Children wait for a teacher in a classroom at Treichville Regional School, in the city of Abidjan. Although the school reopened after being closed for many years due to armed conflict, most teachers remain absent. (2011)
(18 November 2016) A recent Innocenti Seminar presented evidence from a new study on the impact of armed conflict on children’s education and mortality. The study gathered data from Ivory Coast, a country that has been deeply affected by armed conflict since 2002.
Despite the global commitments to ensure full and complete access to free quality education for every girl and boy, recent trends in universal enrolment registered a regression with around 58 million out-of-school children in the world, out of which 36 per cent living in countries that have been affected by conflict.
Idrissa Ouili, Assistant Professor at High Institute for Population Science (HIPS) University of Ouagadougou in Burkina Faso, statistician and economist with several years of experience in population policies, poverty, education, family planning and reproductive health issues, presented new evidence from Cote d’Ivoire about the impact of armed conflict in children’s education in an internal seminar at UNICEF Innocenti.
The aim of the study, Armed Conflicts, Children's Education and Mortality: New Evidence from Ivory Coast, conducted in 2015 was to explore the impact of armed conflict on three different outcomes during the Ivorian armed conflict from 1999 to 2011: 1) school enrolment (probability of being enrolled in school); 2) school attainment (number of years of schooling for individuals enrolled in school); 3) under five child mortality.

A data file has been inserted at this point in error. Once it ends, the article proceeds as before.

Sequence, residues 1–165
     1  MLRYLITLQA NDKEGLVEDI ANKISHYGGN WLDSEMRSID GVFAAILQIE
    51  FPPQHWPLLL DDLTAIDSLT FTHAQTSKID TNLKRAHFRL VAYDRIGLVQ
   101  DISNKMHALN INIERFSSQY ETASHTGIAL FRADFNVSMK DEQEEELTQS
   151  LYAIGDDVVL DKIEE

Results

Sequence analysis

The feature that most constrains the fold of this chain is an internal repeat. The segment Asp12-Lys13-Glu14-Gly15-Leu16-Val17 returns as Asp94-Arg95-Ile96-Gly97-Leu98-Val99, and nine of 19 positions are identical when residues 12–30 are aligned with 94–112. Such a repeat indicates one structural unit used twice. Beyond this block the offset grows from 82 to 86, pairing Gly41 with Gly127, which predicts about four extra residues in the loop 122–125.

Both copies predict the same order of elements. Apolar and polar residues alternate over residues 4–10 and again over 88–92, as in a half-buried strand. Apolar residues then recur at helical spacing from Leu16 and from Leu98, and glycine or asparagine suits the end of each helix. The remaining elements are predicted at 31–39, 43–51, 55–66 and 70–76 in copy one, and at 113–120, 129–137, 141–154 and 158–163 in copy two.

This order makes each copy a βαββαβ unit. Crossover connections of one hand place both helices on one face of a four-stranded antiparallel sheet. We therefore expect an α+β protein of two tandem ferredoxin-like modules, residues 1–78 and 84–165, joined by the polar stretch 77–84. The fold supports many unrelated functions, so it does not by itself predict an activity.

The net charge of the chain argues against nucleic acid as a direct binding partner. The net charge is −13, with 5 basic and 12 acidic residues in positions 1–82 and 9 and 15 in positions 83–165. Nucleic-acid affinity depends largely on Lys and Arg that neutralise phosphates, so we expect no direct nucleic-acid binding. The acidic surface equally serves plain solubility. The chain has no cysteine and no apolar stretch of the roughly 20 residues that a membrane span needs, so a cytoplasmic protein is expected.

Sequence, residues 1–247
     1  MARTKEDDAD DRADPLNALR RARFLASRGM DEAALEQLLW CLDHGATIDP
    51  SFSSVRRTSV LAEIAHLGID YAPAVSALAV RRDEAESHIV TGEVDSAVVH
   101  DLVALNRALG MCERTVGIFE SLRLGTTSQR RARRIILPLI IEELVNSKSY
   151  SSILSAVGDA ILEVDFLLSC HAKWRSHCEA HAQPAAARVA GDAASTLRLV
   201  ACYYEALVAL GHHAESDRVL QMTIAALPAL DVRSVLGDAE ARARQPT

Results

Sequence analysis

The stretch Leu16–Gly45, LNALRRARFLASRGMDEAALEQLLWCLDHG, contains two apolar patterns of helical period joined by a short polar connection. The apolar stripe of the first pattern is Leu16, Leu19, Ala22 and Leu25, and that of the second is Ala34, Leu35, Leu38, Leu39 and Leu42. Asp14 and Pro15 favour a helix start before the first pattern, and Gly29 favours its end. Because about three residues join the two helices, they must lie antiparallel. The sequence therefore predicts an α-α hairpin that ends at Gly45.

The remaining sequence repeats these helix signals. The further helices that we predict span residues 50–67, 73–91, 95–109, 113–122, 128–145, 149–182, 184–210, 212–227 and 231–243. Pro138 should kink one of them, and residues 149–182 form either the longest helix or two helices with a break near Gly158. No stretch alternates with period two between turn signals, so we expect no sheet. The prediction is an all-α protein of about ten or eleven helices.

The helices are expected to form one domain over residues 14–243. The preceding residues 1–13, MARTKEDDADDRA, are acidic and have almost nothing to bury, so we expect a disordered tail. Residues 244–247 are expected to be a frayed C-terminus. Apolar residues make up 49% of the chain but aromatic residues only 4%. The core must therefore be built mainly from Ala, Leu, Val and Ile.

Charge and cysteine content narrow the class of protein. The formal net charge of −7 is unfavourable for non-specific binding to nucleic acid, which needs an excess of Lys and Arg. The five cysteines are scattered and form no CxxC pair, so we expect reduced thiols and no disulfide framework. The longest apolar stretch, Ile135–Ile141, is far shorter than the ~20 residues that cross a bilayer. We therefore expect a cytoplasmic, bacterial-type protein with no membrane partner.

Using several sources of data, including the Côte d’Ivoire Demographic and Health Surveys, as well as data from pre-conflict and post-conflict surveys, Professor Ouili compared different cohorts of children who had one of more years of life affected by conflict, with groups of children that were not affected by conflict. Results show that in the group of children aged 6-18 in 2011, armed conflict decreased school enrolment by 10% compared with a group of same age in 1998; in the group of students aged 18-36 in 2011, those who were in schools during the conflict period experienced at least one year drop-out of schooling in average, compared with a group of same age in 1998. Lastly, in children aged 5-16 in 2011 armed conflict increased under 5 mortality rate by 3% compared with a group of same age in 1998.
Professor Ouili is one of the four young African fellows coming to UNICEF Innocenti in 2016-2017 as part of a programme funded by SIDA. Fellows are collaborating with researchers in the Social and Economic Policy Unit at Innocenti and with country evaluation teams on specific research questions around the impacts of cash transfers on health, education, or multidimensional poverty utilizing Transfer Project data.
Each fellow visits the UNICEF Innocenti for 2-3 weeks, during which time researchers also present a seminar on some of their past research. The remainder of the approximately 12-month fellowships are conducted from their home base.